Modern Japanese Literature is Donald Keene's critically acclaimed companion volume to his landmark work Anthology of Japanese Literature: From the Earliest Era to the Mid-Nineteenth Century. Now considered the standard canon of modern Japanese writing translated into English, the book includes concise introductions to the writers as well as an historical introduction by Professor Keene. Modern Japanese literature is the product of two great traditions: the native, which goes back 1300 years, and the Western, first introduced to Japan about 150 years ago. The combination of these very different traditions gave birth to a literature that stands as a unique product of the meeting of East and West. This volume is telling testimony to this historic meeting, and includes many works considered classics written from 1868 to the present day. Here in the stories, plays, and poetry of modern Japan is a mixture of the familiar and the strange that is fascinating in itself and an insightful guide to the thoughts and lives of Japanese today. The volume is sure proof that modern Japanese literature is an important part of the literary heritage of the world.
Logavina Street was a microcosm of Sarajevo, a six-block-long history lesson. For four centuries, it existed as a quiet residential area in a charming city long known for its ethnic and religious tolerance. On this street of 240 families, Muslims and Christians, Serbs and Croats lived easily together, unified by their common identity as Sarajevans. Then the war tore it all apart. As she did in her groundbreaking work about North Korea, Nothing to Envy, award-winning journalist Barbara Demick tells the story of the Bosnian War and the brutal and devastating three-and-a-half-year siege of Sarajevo through the lives of ordinary citizens, who struggle with hunger, poverty, sniper fire, and shellings. Logavina Street paints this misunderstood war and its effects in vivid strokes—at once epic and intimate—revealing the heroism, sorrow, resilience, and uncommon faith of its people. With a new Introduction, final chapter, and Epilogue by the author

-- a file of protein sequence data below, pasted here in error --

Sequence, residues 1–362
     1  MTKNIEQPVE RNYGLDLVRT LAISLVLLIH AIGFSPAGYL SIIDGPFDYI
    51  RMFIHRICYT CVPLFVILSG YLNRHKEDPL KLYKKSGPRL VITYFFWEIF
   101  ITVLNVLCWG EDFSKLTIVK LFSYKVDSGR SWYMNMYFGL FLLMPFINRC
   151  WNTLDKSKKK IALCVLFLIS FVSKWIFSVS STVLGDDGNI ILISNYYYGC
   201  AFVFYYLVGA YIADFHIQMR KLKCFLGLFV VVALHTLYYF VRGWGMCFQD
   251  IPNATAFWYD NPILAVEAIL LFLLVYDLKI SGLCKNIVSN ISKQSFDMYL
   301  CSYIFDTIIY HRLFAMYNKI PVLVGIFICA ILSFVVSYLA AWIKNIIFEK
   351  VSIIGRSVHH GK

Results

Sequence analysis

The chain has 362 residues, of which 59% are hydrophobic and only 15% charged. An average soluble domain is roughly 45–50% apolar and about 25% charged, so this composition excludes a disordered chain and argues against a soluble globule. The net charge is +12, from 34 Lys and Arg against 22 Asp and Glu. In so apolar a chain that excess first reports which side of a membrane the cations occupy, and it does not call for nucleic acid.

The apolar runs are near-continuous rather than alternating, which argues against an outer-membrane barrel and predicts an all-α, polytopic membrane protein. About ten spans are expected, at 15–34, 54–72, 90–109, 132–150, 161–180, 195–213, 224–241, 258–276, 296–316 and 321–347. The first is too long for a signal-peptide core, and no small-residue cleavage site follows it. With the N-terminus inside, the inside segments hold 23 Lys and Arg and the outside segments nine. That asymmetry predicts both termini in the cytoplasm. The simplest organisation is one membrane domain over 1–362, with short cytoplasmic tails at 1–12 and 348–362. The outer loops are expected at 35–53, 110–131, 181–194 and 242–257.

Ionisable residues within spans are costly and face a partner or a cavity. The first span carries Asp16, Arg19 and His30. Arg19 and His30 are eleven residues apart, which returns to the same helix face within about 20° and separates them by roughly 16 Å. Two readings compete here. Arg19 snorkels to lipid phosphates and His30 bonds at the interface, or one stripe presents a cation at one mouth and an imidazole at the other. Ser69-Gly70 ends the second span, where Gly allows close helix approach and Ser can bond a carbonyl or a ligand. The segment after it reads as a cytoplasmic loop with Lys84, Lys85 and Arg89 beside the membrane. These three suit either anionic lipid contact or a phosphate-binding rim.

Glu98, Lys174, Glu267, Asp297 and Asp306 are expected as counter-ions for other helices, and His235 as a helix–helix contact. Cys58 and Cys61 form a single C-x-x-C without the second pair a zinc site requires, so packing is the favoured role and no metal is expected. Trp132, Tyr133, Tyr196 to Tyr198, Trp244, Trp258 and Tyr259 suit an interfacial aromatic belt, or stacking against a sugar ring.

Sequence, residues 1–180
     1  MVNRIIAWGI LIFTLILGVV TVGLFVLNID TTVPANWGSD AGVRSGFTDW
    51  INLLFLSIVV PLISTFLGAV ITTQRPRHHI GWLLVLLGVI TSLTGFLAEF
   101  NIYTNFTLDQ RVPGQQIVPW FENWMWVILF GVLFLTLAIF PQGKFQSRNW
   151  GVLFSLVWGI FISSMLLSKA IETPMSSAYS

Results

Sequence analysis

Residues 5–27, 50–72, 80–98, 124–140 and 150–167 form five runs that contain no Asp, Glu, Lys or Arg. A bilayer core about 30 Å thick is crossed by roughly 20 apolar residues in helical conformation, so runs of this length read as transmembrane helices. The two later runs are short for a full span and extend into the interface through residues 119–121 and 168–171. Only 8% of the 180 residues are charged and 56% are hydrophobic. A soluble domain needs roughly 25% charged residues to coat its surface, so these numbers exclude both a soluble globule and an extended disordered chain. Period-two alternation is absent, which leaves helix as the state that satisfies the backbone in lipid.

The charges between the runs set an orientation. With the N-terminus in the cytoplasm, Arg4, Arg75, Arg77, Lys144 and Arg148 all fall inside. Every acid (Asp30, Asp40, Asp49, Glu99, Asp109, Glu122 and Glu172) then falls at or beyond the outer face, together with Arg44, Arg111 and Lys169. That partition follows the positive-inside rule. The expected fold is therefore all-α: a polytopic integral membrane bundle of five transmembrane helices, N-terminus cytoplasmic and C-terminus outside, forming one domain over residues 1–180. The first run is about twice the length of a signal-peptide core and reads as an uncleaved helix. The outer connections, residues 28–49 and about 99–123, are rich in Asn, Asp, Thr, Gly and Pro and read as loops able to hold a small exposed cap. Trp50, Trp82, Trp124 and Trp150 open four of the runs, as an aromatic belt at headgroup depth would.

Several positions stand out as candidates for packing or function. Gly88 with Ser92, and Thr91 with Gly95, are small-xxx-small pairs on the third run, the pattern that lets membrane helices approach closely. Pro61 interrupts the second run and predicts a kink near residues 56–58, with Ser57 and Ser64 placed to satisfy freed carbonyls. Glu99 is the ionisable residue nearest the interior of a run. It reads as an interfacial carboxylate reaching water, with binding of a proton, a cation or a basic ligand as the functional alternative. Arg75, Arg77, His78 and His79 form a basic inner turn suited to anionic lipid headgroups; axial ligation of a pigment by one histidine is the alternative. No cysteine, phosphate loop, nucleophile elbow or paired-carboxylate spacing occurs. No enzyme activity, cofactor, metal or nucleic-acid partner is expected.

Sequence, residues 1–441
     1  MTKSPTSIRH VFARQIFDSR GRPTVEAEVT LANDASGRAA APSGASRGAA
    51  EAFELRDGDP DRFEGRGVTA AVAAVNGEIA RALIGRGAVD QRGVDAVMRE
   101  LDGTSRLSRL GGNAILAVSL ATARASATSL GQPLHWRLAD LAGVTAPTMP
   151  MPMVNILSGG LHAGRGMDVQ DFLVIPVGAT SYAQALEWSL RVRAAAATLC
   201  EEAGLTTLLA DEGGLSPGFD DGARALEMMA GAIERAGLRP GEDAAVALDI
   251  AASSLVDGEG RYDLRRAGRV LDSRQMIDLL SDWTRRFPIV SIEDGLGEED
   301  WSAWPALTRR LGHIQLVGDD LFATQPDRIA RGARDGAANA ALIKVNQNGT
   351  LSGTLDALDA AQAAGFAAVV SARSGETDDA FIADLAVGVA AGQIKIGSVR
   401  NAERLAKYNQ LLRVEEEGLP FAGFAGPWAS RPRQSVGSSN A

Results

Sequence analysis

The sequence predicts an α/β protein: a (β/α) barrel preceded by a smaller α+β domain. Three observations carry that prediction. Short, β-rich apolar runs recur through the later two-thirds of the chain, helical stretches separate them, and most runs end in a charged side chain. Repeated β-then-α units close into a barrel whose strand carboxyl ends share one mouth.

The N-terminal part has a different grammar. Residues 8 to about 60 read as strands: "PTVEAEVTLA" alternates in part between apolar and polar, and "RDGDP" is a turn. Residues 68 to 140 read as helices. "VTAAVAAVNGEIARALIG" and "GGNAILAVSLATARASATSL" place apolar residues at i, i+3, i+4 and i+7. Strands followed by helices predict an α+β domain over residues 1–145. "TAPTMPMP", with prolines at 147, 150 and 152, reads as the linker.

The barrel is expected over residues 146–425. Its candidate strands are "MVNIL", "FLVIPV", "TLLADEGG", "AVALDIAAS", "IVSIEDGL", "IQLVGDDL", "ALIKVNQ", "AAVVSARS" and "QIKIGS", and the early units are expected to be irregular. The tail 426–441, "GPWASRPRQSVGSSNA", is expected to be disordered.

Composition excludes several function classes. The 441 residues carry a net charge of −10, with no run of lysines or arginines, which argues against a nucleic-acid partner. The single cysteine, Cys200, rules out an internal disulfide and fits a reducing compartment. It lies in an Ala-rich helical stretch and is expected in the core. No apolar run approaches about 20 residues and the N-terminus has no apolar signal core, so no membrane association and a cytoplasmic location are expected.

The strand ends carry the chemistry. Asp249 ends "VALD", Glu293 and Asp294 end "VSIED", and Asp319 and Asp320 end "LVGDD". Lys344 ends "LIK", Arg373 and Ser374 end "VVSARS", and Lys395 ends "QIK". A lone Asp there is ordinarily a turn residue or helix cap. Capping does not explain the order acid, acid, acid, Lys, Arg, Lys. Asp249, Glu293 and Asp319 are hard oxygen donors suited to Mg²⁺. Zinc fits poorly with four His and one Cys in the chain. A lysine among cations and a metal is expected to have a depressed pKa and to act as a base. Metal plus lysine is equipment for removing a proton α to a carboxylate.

"A travel writer with a cult following."—The New York Times "There are very few westerners who could successfully cover so much territory in China, but Porter pulls it off. Finding Them Gone uniquely draws upon his parallel careers as a translator and a travel writer in ways that his previous books have not. A lifetime devoted to understanding Chinese culture and spirituality blossoms within its pages to create something truly rare."—The Los Angeles Book Review To pay homage to China's greatest poets, renowned translator Bill Porter—who is also known by his Chinese name "Red Pine"—traveled throughout China visiting dozens of poets' graves and performing idiosyncratic rituals that featured Kentucky bourbon and reading poems aloud to the spirits. Combining travelogue, translations, history, and personal stories, this intimate and fast-paced tour of modern China celebrates inspirational landscapes and presents translations of classical poems, many of which have never before been translated into English. Porter is a former radio commentator based in Hong Kong who specialized in travelogues. As such, he is an entertaining storyteller who is deeply knowledgeable about Chinese culture, both ancient and modern, who brings readers into the journey—from standing at the edge of the trash pit that used to be Tu Mu's grave to sitting in Han Shan's cave where the Buddhist hermit "Butterfly Woman" serves him tea. Illustrated with over one hundred photographs and two hundred poems, Finding Them Gone combines the love of travel with an irrepressible exuberance for poetry. As Porter writes: "The graves of the poets I'd been visiting were so different. Some were simple, some palatial, some had been plowed under by farmers, and others had been reduced to trash pits. Their poems, though, had survived... Poetry is transcendent. We carry it in our hearts and find it there when we have forgotten everything else." In praise of Bill Porter/Red Pine: "In the travel writing that has made him so popular in China, Porter's tone is not reverential but explanatory, and filled with luminous asides... His goal is to tell interested foreigners about revealing byways of Chinese culture."—New York Review of Books “Porter is an amiable and knowledgeable guide. The daily entries themselves fit squarely in the travelogue genre, seamlessly combining the details of his routes and encounters with the poets’ biographies, Chinese histories, and a generous helping of the poetry itself. Porter’s knowledge of the subject and his curation of the poems make this book well worth reading for travelers and poetry readers alike. It’s like a survey course in Chinese poetry—but one in which the readings are excellent, the professor doesn’t take himself too seriously, and the field trips involve sharing Stagg bourbon with the deceased.”—Publishers Weekly "Red Pine's out-of-the-mainstream work is canny and clearheaded, and it has immeasurably enhanced Zen/Taoist literature and practice."—Kyoto Journal "Bill Porter has been one of the most prolific translators of Chinese texts, while also developing into a travel writer with a cult following."—The New York Times "Red Pine's succinct and informative notes for each poem are core samples of the cultural, political, and literary history of China." —Asian Reporter Poets’ graves visited (partial list): Li Pai, Tu Fu, Wang Wei, Su Tung-p’o, Hsueh T’ao, Chia Tao, Wei Ying-wu, Shih-wu (Stonehouse), Han-shan (Cold Mountain). Bill Porter (a.k.a. "Red Pine") is widely recognized as one of the world's finest translators of Chinese religious and poetic texts. His best-selling books inc